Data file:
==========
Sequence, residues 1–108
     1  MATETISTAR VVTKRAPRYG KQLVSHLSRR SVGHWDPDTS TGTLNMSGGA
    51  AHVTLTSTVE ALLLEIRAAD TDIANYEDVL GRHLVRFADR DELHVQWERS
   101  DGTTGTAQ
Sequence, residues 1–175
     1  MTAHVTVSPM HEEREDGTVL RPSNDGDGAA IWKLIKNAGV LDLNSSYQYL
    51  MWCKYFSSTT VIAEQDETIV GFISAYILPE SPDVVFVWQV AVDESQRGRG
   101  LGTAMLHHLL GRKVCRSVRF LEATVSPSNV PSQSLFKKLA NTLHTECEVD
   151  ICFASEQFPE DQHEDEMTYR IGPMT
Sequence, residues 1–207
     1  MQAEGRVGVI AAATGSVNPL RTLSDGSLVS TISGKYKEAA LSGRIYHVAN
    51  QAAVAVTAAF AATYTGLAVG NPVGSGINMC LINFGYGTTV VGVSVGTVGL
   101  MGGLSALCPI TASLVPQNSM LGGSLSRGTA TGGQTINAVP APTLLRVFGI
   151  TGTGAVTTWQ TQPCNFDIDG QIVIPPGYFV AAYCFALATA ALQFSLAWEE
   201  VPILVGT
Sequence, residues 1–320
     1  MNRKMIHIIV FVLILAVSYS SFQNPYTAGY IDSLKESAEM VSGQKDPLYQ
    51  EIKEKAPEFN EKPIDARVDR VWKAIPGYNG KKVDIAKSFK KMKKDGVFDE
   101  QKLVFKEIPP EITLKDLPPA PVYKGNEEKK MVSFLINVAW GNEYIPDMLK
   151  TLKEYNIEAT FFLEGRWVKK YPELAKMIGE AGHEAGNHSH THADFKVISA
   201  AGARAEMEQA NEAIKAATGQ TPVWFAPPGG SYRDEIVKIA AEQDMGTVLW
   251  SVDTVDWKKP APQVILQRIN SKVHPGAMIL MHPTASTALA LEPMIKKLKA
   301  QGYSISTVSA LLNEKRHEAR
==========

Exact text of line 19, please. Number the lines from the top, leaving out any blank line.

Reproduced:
   101  QKLVFKEIPP EITLKDLPPA PVYKGNEEKK MVSFLINVAW GNEYIPDMLK